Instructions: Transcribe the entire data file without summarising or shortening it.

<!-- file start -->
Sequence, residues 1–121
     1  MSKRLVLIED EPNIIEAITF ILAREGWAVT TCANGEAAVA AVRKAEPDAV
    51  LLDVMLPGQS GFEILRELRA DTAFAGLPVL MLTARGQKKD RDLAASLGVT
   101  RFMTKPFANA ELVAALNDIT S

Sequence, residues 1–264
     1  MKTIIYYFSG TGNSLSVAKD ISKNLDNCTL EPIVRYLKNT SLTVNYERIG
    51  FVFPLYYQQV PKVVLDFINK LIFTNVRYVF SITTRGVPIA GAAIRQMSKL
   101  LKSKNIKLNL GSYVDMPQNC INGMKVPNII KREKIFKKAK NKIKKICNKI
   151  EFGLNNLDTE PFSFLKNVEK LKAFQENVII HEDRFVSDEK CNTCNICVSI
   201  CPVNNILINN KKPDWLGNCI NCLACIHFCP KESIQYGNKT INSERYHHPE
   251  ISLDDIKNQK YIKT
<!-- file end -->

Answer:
Sequence, residues 1–121
     1  MSKRLVLIED EPNIIEAITF ILAREGWAVT TCANGEAAVA AVRKAEPDAV
    51  LLDVMLPGQS GFEILRELRA DTAFAGLPVL MLTARGQKKD RDLAASLGVT
   101  RFMTKPFANA ELVAALNDIT S

Sequence, residues 1–264
     1  MKTIIYYFSG TGNSLSVAKD ISKNLDNCTL EPIVRYLKNT SLTVNYERIG
    51  FVFPLYYQQV PKVVLDFINK LIFTNVRYVF SITTRGVPIA GAAIRQMSKL
   101  LKSKNIKLNL GSYVDMPQNC INGMKVPNII KREKIFKKAK NKIKKICNKI
   151  EFGLNNLDTE PFSFLKNVEK LKAFQENVII HEDRFVSDEK CNTCNICVSI
   201  CPVNNILINN KKPDWLGNCI NCLACIHFCP KESIQYGNKT INSERYHHPE
   251  ISLDDIKNQK YIKT